Jim Bob did a presentation in New York in November, which is on our website. And I would encourage you to go review those slides in which he talked about our exploration from a big picture standpoint. But it's these really very significant sulfide resources that are below the oxide deposits that the company has been mining traditionally, that give us this opportunity for growth. So as we look forward for these expansions, we're looking at mill investments. That's significant. The mill investments allow you to have significant recoveries and be able to produce those reserves in an economic fashion. So that's what we're doing. This slide is a little simple. It's not quite that bright line change between oxides and sulfides, but we have the technology, the capability to do it, and we're committed to going forward and growing our business.

We have some detailed reports on where we stand with some of the projects that we have been pursuing. At Morenci, we've restarted the mill. It's operating over 40,000 tons per day and on its way to 50,000 tons per day. That's allowing us to process the material more efficiently than we otherwise could. We had cut our mine rate at Morenci in half at the end of 2008 and going into 2009. That was done in response to low prices at that point and driving down unit costs. Now we're stepping it back up, and we're ramping it up to a current target of 635 metric tons. Sometimes, we talk about short tons at Morenci, but this is metric tons. And we're looking at further rate increases. We're doing this in a way and with a view towards containing costs. But it does give us an opportunity to add volumes on an economic basis. And we are looking at, aggressively looking at a potential investment in a major new mill to mine the sulfide ores that have been identified and continue to be expanded.

Miami, which is the historical mining district here east of Phoenix, we had significant reclamation activities there. Now we are doing stripping activities to allow us to mine copper as we reclaim this area. We're ramping up to 100 million tons per year -- pounds per year. Relatively low-cost project. We're using some of our existing equipment. We've got reserves to allow us to operate for a number of years.

We're doing drilling there. This is a place that has significant historical production. It's also in the area of where the resolution project is being pursued. And there are opportunities there that we're going to see if they're available to us.

At Safford, which is a relatively new mine near Morenci, we have a sulfur burner project that's progressing. That's going to allow our project to be more efficient, more profitable and will be beneficial for the long-term development of that district, where we have an ore body called Lone Star that has significant resources. It will be part of our future.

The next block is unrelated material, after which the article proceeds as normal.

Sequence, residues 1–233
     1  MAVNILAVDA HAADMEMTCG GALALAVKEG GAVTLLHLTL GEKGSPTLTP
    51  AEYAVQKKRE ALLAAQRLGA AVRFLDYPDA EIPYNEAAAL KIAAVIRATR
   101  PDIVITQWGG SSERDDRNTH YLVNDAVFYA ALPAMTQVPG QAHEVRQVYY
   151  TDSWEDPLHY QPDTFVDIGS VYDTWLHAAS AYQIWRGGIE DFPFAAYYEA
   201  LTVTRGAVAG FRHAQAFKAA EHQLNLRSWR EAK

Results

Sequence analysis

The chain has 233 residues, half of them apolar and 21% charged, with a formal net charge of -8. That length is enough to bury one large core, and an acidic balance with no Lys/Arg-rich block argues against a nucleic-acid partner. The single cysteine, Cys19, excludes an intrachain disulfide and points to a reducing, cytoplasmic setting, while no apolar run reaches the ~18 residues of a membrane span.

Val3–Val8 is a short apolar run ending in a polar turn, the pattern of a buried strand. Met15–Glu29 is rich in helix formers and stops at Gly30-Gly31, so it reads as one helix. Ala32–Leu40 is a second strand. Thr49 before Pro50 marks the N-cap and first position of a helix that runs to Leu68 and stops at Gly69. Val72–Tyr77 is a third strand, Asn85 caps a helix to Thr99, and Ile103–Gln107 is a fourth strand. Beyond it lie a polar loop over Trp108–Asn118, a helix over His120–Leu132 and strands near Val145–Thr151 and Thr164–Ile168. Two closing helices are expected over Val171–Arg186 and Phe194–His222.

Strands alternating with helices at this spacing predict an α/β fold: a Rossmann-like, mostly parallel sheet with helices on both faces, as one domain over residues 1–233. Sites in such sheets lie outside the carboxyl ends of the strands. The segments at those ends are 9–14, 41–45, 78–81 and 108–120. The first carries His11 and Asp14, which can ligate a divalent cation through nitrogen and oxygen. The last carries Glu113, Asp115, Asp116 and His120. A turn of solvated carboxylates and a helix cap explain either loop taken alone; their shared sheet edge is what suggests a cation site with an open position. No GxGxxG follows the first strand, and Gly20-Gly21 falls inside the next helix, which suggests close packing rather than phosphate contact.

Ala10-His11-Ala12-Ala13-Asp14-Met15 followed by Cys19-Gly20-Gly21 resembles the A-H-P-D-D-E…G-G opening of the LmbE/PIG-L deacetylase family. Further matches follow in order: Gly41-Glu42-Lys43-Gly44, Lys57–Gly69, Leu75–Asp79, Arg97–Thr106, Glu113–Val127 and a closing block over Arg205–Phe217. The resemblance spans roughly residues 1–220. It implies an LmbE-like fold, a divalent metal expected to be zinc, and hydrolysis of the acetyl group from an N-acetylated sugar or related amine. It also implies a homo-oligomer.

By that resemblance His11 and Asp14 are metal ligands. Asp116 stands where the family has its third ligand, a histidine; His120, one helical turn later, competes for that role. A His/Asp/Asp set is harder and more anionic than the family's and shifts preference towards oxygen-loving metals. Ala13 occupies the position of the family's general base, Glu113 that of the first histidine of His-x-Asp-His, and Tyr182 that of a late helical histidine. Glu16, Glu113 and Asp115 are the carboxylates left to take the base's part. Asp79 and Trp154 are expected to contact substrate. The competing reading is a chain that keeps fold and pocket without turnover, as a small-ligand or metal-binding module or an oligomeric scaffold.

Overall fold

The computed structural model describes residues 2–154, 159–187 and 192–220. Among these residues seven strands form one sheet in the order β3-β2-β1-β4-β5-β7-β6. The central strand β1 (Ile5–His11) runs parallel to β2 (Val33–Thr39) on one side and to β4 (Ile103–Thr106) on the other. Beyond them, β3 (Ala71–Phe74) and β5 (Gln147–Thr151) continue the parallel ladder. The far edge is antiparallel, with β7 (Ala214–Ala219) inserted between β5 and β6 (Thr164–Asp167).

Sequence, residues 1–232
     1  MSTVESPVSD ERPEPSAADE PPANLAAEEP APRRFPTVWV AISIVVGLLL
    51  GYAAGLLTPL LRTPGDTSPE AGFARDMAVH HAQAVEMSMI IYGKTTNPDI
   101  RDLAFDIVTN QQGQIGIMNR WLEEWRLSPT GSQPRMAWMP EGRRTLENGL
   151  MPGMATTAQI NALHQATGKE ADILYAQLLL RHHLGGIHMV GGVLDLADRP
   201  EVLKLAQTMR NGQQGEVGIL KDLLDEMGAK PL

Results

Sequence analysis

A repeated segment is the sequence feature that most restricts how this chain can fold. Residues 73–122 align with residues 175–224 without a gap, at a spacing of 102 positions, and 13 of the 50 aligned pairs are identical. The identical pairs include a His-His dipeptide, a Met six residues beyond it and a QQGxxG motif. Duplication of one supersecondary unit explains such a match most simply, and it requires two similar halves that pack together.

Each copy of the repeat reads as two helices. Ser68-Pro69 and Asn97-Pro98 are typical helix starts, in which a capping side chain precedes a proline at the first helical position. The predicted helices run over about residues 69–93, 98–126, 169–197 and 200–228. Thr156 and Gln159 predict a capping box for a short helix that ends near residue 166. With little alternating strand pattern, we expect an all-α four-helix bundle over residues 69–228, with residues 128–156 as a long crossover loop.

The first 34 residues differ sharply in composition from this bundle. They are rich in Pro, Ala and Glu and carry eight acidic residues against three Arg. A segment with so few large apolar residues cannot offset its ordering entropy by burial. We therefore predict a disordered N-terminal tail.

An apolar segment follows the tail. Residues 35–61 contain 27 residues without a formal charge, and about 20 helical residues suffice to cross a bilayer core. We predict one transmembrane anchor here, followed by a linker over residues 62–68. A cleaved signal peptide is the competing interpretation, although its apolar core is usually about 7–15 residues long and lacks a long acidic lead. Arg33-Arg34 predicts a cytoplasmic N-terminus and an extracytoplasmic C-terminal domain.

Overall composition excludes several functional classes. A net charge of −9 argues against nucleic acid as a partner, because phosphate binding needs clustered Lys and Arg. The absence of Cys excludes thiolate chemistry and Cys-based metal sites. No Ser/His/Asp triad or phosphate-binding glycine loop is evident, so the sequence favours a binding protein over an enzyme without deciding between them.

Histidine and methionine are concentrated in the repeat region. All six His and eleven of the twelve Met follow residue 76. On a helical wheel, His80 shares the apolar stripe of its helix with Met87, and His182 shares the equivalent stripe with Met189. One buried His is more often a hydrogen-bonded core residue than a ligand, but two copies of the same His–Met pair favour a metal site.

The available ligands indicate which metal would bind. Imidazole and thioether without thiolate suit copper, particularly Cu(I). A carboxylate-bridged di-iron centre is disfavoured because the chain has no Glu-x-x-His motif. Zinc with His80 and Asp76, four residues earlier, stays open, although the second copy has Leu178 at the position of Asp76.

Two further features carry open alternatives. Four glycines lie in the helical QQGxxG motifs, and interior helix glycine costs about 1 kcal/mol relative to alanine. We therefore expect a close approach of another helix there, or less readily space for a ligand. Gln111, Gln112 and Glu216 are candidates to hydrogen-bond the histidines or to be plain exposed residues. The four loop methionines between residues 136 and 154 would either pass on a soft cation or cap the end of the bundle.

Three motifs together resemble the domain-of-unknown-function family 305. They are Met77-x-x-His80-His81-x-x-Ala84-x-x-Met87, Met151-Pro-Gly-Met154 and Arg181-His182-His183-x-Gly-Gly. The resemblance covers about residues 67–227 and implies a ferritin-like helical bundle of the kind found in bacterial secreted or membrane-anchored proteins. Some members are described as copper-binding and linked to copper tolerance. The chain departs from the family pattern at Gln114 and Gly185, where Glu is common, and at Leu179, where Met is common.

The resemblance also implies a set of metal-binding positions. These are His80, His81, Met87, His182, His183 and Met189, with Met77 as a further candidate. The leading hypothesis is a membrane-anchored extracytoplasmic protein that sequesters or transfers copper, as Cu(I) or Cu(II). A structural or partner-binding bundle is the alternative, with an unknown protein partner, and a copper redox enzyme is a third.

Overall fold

In New Mexico, we're restarting the Chino mine where we had stopped mining and ore-crushing activities. This is turning out to be a good project with the higher copper prices. Our reserves that we identified last year of just over 1 billion pounds have grown to over 2.5 billion pounds. We're investing money. We're working towards reaching a production level of 200 million pounds a year by 2014, and the economics of that are very attractive.

In South America, the El Abra Sulfolix project is progressing. Here's a picture of where, just within the last week to 10 days, we initiated the stacking of ore on the new Sulfolix system. That sulfide ore will replace the depleting oxide ore that we've been mining and give us a long-term life from that mine. The project is 80% complete and has gone on schedule within our capital budget.

And as we've gone forward with this, one of the things we found since completion of the merger is that there's a significantly larger sulfide resource there than we had anticipated. And so we're looking at ways of accessing that through, potentially, a major mill development and working with our partner, CODELCO, to do that on an economic basis.

Cerro Verde in Peru, we completed a $50 million de-bottleneck project. That increased our mill rate from 108,000 to 120,000 tons per day at a very low cash cost. This is a mine that has the capacity to be expanded significantly, and we're working right now on plans to do that. We expect to complete a feasibility study for a major expansion during the first half of this year and to move forward with permitting on it. The expansion itself would be for either a doubling or tripling of the current mill throughput rate. And we are very positive about the progress that's been made on both the feasibility study and on the important issue of identifying water resources to allow us to expand this in such a significant way.

In Indonesia, we've continued to progress the development of our underground reserves, a very large, world-class, profitable ore body for the long range because of the very significant copper reserves, together with the significant gold resource in the same ore.